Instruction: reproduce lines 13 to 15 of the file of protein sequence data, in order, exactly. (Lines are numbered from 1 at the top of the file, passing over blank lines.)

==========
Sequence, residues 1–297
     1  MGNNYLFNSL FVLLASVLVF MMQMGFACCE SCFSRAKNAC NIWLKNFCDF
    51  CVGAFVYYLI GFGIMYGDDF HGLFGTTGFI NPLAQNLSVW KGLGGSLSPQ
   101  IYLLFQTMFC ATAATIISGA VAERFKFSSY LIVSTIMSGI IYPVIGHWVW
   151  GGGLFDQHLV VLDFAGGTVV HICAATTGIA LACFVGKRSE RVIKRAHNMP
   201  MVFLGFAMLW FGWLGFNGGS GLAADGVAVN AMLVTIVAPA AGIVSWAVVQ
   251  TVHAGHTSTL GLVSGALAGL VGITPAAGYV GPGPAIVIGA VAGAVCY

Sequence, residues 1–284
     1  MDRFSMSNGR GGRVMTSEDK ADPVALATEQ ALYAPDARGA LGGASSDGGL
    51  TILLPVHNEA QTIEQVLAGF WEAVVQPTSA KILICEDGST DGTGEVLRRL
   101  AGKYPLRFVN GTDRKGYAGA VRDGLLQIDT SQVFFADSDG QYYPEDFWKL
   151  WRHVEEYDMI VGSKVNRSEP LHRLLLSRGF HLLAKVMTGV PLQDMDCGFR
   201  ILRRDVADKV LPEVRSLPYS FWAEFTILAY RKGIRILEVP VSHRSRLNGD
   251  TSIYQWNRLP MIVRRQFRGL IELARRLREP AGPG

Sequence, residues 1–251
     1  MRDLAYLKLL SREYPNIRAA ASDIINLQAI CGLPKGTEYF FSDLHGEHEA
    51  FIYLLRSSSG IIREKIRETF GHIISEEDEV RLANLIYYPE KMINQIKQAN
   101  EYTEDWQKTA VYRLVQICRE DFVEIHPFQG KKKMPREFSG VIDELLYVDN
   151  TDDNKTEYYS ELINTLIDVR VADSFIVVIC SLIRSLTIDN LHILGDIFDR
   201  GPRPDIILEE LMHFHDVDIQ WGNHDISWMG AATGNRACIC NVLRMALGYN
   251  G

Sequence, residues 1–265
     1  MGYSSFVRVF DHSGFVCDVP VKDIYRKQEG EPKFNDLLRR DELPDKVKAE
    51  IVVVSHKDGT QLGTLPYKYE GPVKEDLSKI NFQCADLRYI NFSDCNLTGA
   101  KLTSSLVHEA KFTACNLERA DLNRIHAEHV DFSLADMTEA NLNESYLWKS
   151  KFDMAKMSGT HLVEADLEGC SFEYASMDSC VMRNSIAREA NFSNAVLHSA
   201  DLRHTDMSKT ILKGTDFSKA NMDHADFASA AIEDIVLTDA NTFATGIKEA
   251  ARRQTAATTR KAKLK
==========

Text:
   201  ILRRDVADKV LPEVRSLPYS FWAEFTILAY RKGIRILEVP VSHRSRLNGD
   251  TSIYQWNRLP MIVRRQFRGL IELARRLREP AGPG

Sequence, residues 1–251